Machine Buying Guide: Key Factors to Consider for Different Types


In modern manufacturing and precision engineering, CNC (Computerized Numerical Control) machines with their unsurpassed accuracy and efficiency have been indispensable production tools for decades. With new innovations constantly being introduced, it is difficult to keep track of the range of machine types and the respective assortments of the various manufacturers.

Regardless of whether you run a medium-sized company or a large industrial operation, choosing the right CNC machine will have a significant impact on your production capabilities and therefore the overall success of your business. With our comprehensive purchasing advice for CNC machines, we help you to understand the complex requirements when choosing and purchasing these sophisticated machines. In particular, we look at the important factors of size, performance and specific applications and highlight which features are important for different industry needs. Our aim is to provide you with the knowledge you need to make an informed decision that will optimize your operational efficiency and increase your productivity.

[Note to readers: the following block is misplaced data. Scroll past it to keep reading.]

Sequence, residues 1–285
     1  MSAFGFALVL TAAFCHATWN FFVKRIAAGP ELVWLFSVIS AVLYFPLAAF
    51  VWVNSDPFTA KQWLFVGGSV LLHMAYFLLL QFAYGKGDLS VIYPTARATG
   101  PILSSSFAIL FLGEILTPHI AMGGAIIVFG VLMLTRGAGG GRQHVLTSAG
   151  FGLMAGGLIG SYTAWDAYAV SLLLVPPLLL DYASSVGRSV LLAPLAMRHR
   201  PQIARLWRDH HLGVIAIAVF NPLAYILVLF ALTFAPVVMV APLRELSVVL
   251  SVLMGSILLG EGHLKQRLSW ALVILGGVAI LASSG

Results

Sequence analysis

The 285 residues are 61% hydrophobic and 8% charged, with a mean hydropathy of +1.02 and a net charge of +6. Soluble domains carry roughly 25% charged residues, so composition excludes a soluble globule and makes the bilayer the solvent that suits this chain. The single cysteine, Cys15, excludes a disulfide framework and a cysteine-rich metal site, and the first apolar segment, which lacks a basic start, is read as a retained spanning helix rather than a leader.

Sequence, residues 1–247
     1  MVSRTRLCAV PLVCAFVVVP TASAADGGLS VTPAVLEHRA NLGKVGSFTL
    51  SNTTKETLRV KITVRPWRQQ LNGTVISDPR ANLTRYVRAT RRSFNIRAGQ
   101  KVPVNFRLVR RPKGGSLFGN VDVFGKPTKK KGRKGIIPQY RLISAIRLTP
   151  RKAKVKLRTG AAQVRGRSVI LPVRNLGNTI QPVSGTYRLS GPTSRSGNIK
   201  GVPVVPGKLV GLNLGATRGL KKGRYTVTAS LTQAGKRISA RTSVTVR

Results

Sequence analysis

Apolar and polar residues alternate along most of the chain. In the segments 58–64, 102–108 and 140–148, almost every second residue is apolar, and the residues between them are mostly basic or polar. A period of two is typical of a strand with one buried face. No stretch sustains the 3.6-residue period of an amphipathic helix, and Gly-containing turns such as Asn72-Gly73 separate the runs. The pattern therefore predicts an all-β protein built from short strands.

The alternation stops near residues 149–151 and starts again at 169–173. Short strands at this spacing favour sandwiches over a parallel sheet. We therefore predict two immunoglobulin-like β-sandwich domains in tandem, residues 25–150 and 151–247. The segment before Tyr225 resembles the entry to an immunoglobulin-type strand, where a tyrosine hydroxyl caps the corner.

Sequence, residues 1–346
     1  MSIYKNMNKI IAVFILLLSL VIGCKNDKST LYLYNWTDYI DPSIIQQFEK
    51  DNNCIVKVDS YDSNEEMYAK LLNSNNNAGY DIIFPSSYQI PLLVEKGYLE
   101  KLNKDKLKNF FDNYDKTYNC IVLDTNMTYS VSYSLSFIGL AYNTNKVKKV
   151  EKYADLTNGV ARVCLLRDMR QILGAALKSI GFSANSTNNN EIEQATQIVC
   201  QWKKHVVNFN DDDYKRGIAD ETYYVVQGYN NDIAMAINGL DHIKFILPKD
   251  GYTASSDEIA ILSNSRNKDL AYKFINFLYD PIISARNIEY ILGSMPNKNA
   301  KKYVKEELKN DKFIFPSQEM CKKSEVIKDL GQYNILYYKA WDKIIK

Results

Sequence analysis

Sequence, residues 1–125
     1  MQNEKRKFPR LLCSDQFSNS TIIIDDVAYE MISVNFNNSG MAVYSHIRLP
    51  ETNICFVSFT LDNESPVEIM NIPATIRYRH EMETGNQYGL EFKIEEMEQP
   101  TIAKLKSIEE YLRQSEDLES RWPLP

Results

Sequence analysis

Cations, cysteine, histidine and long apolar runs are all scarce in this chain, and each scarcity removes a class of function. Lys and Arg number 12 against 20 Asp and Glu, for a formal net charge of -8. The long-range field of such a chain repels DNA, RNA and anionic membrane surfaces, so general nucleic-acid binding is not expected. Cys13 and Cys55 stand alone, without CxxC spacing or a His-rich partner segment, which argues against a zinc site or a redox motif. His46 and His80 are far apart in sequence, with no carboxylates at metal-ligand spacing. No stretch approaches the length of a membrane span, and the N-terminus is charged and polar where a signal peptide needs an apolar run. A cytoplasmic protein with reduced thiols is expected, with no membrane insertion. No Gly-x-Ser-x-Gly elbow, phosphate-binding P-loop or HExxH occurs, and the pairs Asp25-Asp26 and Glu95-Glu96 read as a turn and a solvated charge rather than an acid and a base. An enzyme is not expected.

CNC machine types for specific applications

CNC machines come in different types, each designed for specific manufacturing tasks. The most common types include milling machines and lathes, which perform different tasks depending on the materials you are working with and the tasks you need to perform. For example, CNC milling machines are used for cutting complex shapes and producing high-precision parts, while CNC lathes are used for drilling and producing symmetrical components such as rings, threads and screws.

In addition to CNC lathes and CNC turning machines, which are used in particular in metal processing, there are also special machines for processing wood and lightweight composite materials. These include, for example, CNC routers, which are often found in furniture production and in the automotive industry. The choice of the right type of machine therefore also depends on the materials to be processed.

Factors to consider when selecting a CNC machine

Size and space requirements are crucial aspects when choosing the right CNC machine. The different machine types and models vary greatly in size - from small desktop units to large industrial models - and the space available usually determines the size of the machine that can be used. However, it is important to ensure that the travel paths of the axes and the work area are large enough to process your workpieces.